On the whole, we actually need a formal mathematical model of the organism to understand the function of an organism in health and disease e.g., the digital human being modelled with the knowledge of generalized anatomy and physiology. This model is then used for the occurrence and severity of complex diseases and biomarker profiling to identify whether an individual has a disease, stratify individuals for treatment with different drugs, assessment of the efficacy of the drug regimen, or assessment for other medical procedures. The effects of different treatments can be tested in silico and the model can be adjusted so that it is aligned with our knowledge of the changes in variables in a particular system; these procedures are done iteratively. Thus, the medicine of the future, then, will be based much more on information science than is the case, will focus on health and not disease (eg, traditional Ayurvedic medicine), and will be predictive, preventive, and personalised.

Last Words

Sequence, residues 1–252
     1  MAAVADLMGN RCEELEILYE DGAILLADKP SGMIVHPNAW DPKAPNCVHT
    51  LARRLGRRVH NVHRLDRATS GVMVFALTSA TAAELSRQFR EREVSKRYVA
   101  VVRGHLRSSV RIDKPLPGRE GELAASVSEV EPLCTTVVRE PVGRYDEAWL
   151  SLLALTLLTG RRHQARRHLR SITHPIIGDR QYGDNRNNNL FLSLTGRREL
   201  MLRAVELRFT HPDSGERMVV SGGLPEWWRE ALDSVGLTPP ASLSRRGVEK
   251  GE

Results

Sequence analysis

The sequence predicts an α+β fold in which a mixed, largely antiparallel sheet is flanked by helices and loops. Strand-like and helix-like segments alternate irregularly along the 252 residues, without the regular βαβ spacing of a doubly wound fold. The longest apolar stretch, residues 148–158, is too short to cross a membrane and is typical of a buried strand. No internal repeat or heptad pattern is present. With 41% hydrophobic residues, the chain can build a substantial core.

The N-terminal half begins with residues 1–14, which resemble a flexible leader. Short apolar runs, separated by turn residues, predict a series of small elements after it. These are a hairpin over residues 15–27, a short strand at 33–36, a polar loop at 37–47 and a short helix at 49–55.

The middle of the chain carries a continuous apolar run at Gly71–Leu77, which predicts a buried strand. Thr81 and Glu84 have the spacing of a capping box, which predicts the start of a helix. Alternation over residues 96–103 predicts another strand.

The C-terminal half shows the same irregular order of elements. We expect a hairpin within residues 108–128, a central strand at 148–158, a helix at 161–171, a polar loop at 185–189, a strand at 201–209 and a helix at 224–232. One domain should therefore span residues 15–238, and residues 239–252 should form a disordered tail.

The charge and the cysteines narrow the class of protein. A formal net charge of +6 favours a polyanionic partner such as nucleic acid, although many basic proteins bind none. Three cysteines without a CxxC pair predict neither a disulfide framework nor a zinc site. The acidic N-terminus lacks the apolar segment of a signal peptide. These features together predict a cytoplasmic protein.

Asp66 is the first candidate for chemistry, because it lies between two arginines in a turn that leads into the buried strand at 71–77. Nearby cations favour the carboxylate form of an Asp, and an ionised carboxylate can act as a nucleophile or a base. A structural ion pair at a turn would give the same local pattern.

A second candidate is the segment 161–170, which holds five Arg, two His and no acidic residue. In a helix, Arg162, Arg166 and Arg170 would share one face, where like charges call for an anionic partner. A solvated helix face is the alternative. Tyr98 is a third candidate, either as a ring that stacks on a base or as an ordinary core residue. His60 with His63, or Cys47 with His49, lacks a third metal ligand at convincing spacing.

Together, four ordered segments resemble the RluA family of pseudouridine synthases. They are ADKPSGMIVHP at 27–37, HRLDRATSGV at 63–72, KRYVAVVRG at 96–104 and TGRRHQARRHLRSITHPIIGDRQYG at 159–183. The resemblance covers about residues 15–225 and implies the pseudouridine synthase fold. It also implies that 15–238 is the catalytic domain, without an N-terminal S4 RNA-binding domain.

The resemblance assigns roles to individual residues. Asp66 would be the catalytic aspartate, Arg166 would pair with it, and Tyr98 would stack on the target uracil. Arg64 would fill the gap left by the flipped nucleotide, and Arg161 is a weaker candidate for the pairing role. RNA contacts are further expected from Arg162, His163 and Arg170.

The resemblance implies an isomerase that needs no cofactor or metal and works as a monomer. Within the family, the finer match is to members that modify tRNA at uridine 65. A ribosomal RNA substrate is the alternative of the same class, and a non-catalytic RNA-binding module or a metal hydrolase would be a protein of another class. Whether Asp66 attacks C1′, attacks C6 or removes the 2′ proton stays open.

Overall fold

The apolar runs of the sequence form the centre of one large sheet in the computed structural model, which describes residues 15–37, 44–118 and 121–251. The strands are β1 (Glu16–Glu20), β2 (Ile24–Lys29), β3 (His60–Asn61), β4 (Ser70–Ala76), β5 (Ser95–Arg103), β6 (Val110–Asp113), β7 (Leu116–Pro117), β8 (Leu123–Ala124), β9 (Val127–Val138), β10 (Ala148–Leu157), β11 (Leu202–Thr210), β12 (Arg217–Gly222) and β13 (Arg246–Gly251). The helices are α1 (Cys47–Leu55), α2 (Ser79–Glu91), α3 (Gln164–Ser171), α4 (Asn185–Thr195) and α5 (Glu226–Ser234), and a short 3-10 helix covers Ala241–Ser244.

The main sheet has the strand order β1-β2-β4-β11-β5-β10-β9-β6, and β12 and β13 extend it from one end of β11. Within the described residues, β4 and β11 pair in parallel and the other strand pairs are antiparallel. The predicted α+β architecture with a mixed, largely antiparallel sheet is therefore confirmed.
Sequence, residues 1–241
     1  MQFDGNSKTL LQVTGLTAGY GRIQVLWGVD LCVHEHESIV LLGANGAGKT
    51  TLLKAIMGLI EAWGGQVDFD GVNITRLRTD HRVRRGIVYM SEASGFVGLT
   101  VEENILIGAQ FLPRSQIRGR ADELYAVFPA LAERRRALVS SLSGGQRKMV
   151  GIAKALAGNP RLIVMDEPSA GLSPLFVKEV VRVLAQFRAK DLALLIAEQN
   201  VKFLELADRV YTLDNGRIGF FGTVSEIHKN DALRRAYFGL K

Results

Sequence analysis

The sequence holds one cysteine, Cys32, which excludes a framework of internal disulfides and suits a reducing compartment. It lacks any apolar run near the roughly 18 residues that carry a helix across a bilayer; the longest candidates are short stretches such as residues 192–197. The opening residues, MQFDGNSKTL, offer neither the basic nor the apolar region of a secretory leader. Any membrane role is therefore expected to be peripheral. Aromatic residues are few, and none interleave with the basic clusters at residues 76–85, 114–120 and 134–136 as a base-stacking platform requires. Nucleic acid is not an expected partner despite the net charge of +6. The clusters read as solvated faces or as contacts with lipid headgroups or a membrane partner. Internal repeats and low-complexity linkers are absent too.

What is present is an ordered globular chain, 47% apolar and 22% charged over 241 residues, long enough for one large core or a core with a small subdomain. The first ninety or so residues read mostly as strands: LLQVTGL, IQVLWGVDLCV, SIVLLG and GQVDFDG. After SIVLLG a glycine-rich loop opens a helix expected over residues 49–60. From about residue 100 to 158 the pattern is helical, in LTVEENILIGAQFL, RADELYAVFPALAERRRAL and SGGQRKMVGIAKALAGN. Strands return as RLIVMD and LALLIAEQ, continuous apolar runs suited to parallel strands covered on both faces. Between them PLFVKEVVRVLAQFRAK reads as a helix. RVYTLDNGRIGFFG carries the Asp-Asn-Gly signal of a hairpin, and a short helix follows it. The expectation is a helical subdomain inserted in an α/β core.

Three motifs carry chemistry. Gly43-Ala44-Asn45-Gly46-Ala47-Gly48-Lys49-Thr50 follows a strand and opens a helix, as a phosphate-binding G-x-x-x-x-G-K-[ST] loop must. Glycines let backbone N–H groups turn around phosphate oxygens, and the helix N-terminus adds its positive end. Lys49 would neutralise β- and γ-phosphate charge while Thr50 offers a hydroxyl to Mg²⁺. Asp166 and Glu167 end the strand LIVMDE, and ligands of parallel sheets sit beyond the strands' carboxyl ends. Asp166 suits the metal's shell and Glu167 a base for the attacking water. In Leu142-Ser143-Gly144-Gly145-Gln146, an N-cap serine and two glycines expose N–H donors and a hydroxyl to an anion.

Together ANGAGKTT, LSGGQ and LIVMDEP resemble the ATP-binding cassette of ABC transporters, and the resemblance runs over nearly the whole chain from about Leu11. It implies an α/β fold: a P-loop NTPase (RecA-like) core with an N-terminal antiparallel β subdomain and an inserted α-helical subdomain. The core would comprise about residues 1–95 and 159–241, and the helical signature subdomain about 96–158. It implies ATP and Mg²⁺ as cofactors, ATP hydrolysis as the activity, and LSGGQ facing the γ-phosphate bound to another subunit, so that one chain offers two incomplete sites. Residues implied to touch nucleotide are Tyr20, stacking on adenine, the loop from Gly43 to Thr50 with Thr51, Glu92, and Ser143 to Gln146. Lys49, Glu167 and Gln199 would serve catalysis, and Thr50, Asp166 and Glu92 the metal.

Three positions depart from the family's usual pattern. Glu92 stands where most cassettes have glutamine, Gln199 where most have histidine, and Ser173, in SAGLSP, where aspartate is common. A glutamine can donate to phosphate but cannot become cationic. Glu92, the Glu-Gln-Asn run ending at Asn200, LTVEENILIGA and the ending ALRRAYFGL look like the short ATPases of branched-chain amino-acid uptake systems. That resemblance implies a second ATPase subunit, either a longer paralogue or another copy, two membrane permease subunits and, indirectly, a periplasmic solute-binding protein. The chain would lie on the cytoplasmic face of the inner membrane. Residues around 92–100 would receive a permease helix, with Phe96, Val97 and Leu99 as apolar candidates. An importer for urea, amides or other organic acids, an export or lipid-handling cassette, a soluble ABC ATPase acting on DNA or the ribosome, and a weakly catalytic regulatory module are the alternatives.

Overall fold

Today, technological innovations in the form of automation owing to demands from omics research have led increasingly too cheap, sensitive and high-throughput applications and eventually have use in point-of-care medicine. Personalized medicine will increase the effective deployment of health care, facilitate the discovery and clinical testing of new products, and help determine a person’s predisposition to a particular disease or condition. Data-driven medicine will become a priority in the future as the health systems are transformed by technology. Additionally, a record of an individual’s genome sequence and internet-based methods will enable access to all knowledge pertaining to human beings, thereby allowing a unique and accurate assessment of the patient. The output of systems approaches could be useful for understanding living systems but effective implementation of the science into practical medicine will require articulate biophysicists and biochemist as well as a receptive community of systems-savvy physicians.